"Furry" Event Chemical Leak Intentional: Investigators - NBC Bay Area
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"Furry" Event Chemical Leak Intentional: Investigators

Chlorine gas prompted mass evacuation of Hyatt Regency O'Hare during Midwest FurFest convention



    "Furry" Event Chemical Leak Intentional: Investigators

    Investigators said a chemical leak that interrupted the weekend FurFest convention was an intentional act and was being treated as a criminal matter.

    Nineteen people were hospitalized early Sunday in Rosemont, Illinois, after being sickened by chlorine gas that prompted a mass evacuation of the Hyatt Regency O’Hare. Most of the attendees who complained of nausea and dizziness were released shortly thereafter.

    Within hours, emergency workers decontaminated the hotel and allowed people -- many dressed as cartoon animals -- back inside.

    The Rosemont Public Safety Department said someone apparently intentionally left chlorine powder in a ninth-floor hotel stairway, causing the gas to spread.

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    While authorities conducted their investigation, organizers tried to assure the participants that the evacuation would not overshadow the FurFest event, in which attendees celebrate animals that are anthropomorphic — meaning they've been given human characteristics — through art, literature and performance. Many of costumed attendees refer to themselves as "furries."

    "In walk all these people dressed like dogs and foxes," said Pieter Van Hiel, a 40-year-old technical writer from Hamilton, Canada, chuckling as he thought about the crowd being herded into the Donald E. Stephens Convention Center as it was hosting a dog show.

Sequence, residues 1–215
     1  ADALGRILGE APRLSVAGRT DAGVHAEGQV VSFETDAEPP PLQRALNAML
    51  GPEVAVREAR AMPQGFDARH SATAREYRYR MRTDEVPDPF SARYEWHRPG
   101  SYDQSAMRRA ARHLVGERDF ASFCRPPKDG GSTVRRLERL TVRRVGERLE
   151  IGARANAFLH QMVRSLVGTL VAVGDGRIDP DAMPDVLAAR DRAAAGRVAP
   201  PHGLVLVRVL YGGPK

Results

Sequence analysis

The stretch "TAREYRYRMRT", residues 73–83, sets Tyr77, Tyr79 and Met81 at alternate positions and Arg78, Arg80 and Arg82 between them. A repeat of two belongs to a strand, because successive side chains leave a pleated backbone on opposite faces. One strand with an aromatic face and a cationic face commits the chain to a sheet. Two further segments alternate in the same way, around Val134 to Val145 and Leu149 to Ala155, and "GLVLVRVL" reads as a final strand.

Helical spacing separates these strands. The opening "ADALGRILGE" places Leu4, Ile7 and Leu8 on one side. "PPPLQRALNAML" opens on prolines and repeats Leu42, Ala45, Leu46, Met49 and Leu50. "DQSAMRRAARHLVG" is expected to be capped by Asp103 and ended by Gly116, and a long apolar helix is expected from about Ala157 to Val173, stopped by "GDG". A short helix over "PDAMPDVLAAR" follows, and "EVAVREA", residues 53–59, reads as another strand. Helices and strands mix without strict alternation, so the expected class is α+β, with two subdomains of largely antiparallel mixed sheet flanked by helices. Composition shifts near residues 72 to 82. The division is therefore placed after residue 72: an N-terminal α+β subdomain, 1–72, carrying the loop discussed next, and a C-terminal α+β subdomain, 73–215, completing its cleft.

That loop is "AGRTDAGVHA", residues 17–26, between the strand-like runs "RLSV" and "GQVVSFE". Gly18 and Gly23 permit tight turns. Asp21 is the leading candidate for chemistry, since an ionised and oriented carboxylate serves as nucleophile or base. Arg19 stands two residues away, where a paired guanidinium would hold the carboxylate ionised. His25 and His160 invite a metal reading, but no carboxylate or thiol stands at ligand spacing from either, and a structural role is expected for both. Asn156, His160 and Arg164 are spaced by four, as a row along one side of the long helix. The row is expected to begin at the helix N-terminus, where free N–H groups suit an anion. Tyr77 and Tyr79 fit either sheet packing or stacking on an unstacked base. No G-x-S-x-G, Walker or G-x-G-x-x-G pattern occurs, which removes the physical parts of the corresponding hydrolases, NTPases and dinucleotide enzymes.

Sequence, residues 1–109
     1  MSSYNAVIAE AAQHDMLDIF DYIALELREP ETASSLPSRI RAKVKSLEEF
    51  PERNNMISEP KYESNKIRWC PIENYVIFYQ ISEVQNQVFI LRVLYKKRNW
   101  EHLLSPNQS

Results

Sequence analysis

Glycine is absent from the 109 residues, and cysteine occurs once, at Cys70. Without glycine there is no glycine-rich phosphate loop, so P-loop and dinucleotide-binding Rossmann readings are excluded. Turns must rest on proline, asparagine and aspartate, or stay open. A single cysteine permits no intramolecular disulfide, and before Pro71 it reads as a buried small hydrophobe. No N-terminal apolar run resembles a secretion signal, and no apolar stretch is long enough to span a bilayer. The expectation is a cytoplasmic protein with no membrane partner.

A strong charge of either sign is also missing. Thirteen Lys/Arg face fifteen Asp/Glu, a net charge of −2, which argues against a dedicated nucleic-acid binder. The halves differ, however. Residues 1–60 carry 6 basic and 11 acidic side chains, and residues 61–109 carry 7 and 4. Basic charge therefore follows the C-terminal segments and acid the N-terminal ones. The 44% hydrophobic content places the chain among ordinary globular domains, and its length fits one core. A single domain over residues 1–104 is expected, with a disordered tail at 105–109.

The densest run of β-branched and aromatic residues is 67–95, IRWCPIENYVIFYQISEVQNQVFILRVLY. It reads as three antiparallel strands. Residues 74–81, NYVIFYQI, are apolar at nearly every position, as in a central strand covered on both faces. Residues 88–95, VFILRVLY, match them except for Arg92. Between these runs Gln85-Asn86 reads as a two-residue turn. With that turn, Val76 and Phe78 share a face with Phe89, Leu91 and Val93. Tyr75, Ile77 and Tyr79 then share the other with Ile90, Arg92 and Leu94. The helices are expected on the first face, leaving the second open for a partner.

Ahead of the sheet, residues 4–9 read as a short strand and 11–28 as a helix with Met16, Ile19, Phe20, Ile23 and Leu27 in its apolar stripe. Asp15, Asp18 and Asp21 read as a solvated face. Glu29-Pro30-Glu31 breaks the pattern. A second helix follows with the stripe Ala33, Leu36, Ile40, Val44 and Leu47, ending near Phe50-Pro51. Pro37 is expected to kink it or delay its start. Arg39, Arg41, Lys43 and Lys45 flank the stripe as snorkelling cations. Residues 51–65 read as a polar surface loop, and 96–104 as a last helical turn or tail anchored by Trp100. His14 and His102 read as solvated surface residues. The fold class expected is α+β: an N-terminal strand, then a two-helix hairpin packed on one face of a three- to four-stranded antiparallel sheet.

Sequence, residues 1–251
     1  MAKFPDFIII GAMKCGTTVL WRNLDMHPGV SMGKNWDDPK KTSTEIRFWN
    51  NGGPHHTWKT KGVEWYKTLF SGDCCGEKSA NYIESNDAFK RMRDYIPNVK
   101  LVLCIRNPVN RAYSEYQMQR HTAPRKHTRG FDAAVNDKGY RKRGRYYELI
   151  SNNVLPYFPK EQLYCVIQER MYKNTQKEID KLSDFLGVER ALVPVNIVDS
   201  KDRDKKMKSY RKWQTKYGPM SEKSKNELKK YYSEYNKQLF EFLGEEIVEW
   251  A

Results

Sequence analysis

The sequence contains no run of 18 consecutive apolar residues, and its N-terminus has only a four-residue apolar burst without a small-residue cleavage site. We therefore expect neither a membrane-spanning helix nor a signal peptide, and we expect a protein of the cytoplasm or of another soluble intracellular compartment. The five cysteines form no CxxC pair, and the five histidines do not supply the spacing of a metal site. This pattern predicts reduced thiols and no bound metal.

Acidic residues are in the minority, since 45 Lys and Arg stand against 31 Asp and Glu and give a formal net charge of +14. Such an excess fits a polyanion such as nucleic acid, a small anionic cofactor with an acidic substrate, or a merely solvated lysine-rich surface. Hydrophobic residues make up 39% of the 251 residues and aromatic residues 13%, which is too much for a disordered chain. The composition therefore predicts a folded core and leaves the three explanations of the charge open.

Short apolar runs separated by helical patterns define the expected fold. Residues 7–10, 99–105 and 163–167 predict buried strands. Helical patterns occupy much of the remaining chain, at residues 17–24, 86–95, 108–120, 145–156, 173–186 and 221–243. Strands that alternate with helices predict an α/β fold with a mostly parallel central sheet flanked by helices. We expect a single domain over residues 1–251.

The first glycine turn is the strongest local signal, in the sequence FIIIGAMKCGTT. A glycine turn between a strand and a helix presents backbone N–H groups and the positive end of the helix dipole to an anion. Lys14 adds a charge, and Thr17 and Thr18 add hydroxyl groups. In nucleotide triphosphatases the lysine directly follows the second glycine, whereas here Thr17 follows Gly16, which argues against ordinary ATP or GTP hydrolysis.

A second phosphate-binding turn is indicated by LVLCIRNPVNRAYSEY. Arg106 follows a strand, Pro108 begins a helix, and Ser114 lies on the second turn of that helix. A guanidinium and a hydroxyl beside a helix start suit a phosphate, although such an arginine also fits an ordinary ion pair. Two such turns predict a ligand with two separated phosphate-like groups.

Kit McCreedy, a 28-year-old from Madison, Wisconsin, said he didn't think the incident would cause further disruption at Midwest FurFest, which was in its final day.

    "I think we'll recover from this," said McCreedy, his fox tail swinging behind him as he headed back inside. "People are tired but they're still full of energy."

    Others said they did not have a clue as to why anyone would intentionally disrupt the convention that includes dance contests and panel discussions on making the costumes, with some quick to point out that the brightly colored outfits are made from fake fur and foam and not real fur.

    "Nobody uses real fur," said Frederic Cesbron, a 35-year-old forklift operator who rode a plane to Chicago from his home in France. He attended the convention dressed head-to-toe in a fox outfit that he said cost him about $2,000 four years ago but would go for $3,000 today.

    Attendees said they came for fun, but also for the spiritual and artistic aspects of the convention that have them celebrating animal characters from movies, TV shows, comic books and video games.
    Some also create their own characters and appreciate being in an atmosphere where nobody seems surprised or shocked by an elaborate, bright purple dragon.

    "Everyone is from a different background," said Michael Lynch, a 25-year-old from Madison, Wisconsin, who, like his buddy, McCreedy, dressed as a fox. "Nobody judges anybody. It's nice to come to a place like that."

    Or, as Van Hiel put it, "It's kind of weird, but it's not weird here."

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